In our supposedly tech-driven economy, it’s common to hear about computer professionals who have lost their jobs and are unable to find new work in their field. And this was occurring even before the recession. Is the IT industry really that much at odds with its own labor market? Surprisingly, yes.
In a recent InfoWorld advice column hosted by Bob Lewis, a reader talks about an increasingly hostile tech labor marketplace — not only for workers with “legacy” skill sets, but even for those with more recent experience:
[I]t’s not just the COBOL and Fortran programmers, the OS/360 and SCOPE dinosaurs. It’s also the software architects; data-base architects; system and network administrators; PHP, Python, Ruby on Rails, and Objective-C software engineers; and heavy metal engineers who were presenting papers at national and international conferences one day, and pariah the next.
The reader follows up with a familiar observation about the industry’s indifference to providing employment continuity for the workforce:
The industry [executives have] made it clear. [They are] not interested in re-training the current workforce, which is likely adequate for its needs. No, it wants fresh bodies, preferably young or beholden ones willing to accept entry-level wages for long hours and who are either burdened with few family obligations or willing to pass them over… for the most part, companies are unwilling to re-train experienced programmers to fill available slots…
I’ve written about this on a few occasions, myself, in the context of the H-1B visa program for non-U.S. workers. But something else struck me when I read Lewis’ response:
Since I try to avoid recommending solutions that require legislation, and also try to avoid moralizing in my writing, I recommend courses of action based on this being how the world works right now. People are products in the employment marketplace. If someone can’t find a job, that means for one reason or another that person isn’t a competitive product. The problem might be marketing, packaging, pricing, or a perceived lack of quality. Whatever it is, this is no different from any other marketplace — it’s up to the seller to package, price and market a product people want to buy.
Lewis says he’s not unsympathetic to the techie’s plight; he’s just trying to be honest. And he makes a good a point.
But casting people as products is not only demoralizing, it’s wrong-headed, and it reflects some unfortunate attitudes in the IT community. Specifically, the conventional wisdom is that maximizing ROI takes precedence over maximizing innovation. While that philosophy may work in a more mature industry that isn’t subject to a lot of technological turnover, like say bubble gum manufacturing, in the computing business it’s just short-sighted.
Since tech workers are the ones that design hardware, write software, and provide services, under-investing in them has some regrettable effects. The most visible example of this is the permanent “software crisis,” which is currently playing out in the industry’s attempt to apply parallel programming to the new raft of multicore and multiprocessor platforms. Moore’s Law continues to double raw processing power every 18 months or so, but only a fraction of that is realized at the application level. But wasting cheap CPU cycles seems to make more sense than applying more human ingenuity to the problem.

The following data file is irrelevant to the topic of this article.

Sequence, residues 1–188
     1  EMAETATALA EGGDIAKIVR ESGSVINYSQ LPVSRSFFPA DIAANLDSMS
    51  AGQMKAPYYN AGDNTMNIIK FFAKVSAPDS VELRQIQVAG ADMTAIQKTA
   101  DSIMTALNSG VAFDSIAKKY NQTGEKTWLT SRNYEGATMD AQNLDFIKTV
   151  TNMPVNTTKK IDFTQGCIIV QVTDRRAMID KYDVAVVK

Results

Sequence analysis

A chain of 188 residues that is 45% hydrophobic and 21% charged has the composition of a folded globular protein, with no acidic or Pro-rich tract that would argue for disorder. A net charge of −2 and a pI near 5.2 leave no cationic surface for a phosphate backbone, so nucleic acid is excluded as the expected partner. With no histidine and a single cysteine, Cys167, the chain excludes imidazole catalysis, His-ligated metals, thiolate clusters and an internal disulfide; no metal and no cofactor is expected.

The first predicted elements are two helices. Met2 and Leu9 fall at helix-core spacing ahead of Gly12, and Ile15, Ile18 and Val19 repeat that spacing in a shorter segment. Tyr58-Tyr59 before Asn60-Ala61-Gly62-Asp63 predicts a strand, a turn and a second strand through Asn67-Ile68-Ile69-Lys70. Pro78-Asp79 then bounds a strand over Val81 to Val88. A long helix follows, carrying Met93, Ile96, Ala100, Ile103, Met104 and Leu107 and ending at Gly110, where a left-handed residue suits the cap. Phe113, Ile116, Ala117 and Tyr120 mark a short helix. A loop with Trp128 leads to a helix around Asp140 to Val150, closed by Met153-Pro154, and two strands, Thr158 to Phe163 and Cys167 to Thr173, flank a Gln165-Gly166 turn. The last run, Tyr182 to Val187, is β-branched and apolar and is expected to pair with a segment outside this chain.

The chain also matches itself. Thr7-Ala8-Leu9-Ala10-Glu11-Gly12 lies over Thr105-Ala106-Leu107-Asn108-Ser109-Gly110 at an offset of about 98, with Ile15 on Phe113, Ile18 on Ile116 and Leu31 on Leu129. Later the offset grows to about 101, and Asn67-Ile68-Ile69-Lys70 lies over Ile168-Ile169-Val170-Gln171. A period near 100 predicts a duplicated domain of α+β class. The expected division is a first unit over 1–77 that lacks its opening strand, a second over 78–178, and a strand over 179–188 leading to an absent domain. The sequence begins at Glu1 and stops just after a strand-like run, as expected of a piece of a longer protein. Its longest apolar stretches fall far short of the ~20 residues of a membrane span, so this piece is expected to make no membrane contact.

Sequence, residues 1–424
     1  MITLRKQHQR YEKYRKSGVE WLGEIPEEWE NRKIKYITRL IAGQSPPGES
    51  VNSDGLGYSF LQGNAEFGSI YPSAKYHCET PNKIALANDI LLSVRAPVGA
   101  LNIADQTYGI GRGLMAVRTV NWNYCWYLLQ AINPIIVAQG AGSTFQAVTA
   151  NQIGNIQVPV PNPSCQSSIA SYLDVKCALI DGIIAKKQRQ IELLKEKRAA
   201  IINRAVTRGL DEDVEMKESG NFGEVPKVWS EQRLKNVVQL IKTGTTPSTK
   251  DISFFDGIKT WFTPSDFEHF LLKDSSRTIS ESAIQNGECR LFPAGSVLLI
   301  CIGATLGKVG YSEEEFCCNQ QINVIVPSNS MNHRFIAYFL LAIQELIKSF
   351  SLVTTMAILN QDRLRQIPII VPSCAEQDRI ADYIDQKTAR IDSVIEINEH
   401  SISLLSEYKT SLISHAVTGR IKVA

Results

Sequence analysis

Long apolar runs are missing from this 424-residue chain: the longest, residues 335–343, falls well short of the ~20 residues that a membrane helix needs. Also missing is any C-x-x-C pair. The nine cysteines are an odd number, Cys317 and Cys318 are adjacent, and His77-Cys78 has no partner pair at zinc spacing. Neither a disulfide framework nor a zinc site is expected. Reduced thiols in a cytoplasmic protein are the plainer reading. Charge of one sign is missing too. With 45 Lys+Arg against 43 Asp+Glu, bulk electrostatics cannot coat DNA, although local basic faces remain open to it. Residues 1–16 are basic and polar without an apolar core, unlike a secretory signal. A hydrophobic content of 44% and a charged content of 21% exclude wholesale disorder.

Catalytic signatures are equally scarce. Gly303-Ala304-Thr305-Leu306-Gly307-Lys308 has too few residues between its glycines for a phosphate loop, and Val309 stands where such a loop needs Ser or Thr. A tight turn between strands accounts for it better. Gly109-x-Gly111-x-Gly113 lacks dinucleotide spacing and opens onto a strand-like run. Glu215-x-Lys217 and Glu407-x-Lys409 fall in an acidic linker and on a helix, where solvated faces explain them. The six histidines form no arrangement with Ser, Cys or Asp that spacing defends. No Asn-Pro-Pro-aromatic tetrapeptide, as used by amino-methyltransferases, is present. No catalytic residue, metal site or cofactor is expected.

To be fair, firms like Intel and Microsoft, along with help from the government, are investing a ton of money in parallel programming R&D, but most companies are willing to let this be somebody else’s problem. The answer for the industry is going to require the adoption of new software platforms and training (or retraining) workers. And that’s going to filter down to everyone.
The relocation of computing into the cloud is another challenge that’s going to require a lot of new software development, infrastructure buildout, and a whole new industry to service it. Hardware is the easy part. It’s the extra labor that’s going to be the bottleneck. If the IT community convinces itself and its customers that computing will be essentially free once it moves into the cloud, there will be little incentive to invest in human resources to make it happen.
I’m not suggesting that simply retraining old techies is going to be a magic bullet. But there has to be some realization that the industry cannot rely solely on cheap processors, “free” software, and disposable IT workers to create innovation. Ultimately, IT is a labor-intensive industry. The purpose of computer systems is not to eliminate jobs, it’s to create value and increase productivity.
At the Supercomputing Conference and Expo last week, there was a panel discussion on disruptive technologies for exascale systems. It was revealing that the four technologies highlighted were all hardware-focused: flash storage, photonic communications, 3D chip stacking, and quantum computing. It’s easy to become seduced by these inventions. Once they’re designed and implemented, they can be mass-produced, with little human intervention. As expensive as semiconductor fabs are, they can work 24/7 and don’t require health insurance and retirement benefits.
But clever software can make even great hardware humble. D-Wave CTO Geordie Rose, the panel’s quantum computing advocate, argued that new algorithms can have a much bigger payoff than more powerful silicon. He noted that using Pollard’s rho algorithm from 1977, it would take 12 years to factor a 90-digit number on a modern-day 400 teraflop Blue Gene supercomputer. But using the newer quadratic seive algorithm, it would take just 3 years to perform the same operation on a 1977 Apple II computer. When you consider the multi-million dollar investment that went into the Blue Gene supercomputer compared to the probable investment that went into developing the new algorithm, you can get some sense of the industry’s misplaced priorities.